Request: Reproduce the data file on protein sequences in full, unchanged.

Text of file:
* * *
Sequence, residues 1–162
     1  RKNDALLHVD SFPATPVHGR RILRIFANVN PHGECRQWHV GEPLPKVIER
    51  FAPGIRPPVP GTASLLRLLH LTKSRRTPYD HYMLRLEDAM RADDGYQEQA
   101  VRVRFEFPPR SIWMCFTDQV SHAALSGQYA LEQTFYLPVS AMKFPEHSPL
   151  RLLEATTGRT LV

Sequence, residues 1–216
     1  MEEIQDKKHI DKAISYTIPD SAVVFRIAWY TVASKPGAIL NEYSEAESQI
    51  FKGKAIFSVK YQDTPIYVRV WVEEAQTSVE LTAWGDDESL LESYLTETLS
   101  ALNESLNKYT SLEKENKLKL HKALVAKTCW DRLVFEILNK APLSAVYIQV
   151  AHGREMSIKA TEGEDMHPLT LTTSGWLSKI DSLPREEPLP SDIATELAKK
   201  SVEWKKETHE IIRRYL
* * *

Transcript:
Sequence, residues 1–162
     1  RKNDALLHVD SFPATPVHGR RILRIFANVN PHGECRQWHV GEPLPKVIER
    51  FAPGIRPPVP GTASLLRLLH LTKSRRTPYD HYMLRLEDAM RADDGYQEQA
   101  VRVRFEFPPR SIWMCFTDQV SHAALSGQYA LEQTFYLPVS AMKFPEHSPL
   151  RLLEATTGRT LV

Sequence, residues 1–216
     1  MEEIQDKKHI DKAISYTIPD SAVVFRIAWY TVASKPGAIL NEYSEAESQI
    51  FKGKAIFSVK YQDTPIYVRV WVEEAQTSVE LTAWGDDESL LESYLTETLS
   101  ALNESLNKYT SLEKENKLKL HKALVAKTCW DRLVFEILNK APLSAVYIQV
   151  AHGREMSIKA TEGEDMHPLT LTTSGWLSKI DSLPREEPLP SDIATELAKK
   201  SVEWKKETHE IIRRYL